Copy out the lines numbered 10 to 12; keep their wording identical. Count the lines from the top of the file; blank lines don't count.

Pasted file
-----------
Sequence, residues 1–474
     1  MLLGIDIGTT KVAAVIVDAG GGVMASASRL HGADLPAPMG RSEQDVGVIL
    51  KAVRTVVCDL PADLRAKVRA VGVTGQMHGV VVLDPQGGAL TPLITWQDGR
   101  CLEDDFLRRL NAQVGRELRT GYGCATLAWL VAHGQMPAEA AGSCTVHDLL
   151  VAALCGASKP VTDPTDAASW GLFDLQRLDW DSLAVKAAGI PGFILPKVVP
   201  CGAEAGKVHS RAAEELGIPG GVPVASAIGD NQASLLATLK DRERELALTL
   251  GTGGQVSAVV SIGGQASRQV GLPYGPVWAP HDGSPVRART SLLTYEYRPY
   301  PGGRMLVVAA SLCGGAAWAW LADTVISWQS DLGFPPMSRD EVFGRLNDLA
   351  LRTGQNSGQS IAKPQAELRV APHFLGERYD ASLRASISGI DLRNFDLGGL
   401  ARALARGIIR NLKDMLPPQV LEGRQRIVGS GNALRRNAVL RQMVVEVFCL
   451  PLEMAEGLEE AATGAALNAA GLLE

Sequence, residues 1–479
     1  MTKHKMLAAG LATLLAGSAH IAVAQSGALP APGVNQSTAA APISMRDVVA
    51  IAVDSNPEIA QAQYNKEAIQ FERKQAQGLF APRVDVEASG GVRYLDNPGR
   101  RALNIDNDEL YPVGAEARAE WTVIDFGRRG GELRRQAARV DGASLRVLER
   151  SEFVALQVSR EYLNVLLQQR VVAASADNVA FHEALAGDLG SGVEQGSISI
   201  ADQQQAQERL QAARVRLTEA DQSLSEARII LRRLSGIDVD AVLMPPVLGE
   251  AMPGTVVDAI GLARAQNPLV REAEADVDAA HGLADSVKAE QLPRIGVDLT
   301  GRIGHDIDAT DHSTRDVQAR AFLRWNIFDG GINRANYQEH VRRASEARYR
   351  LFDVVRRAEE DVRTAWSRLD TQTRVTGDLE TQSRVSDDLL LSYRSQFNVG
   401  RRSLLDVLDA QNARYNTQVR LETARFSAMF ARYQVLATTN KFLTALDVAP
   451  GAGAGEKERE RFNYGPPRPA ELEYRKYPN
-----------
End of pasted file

   401  ARALARGIIR NLKDMLPPQV LEGRQRIVGS GNALRRNAVL RQMVVEVFCL
   451  PLEMAEGLEE AATGAALNAA GLLE

Sequence, residues 1–479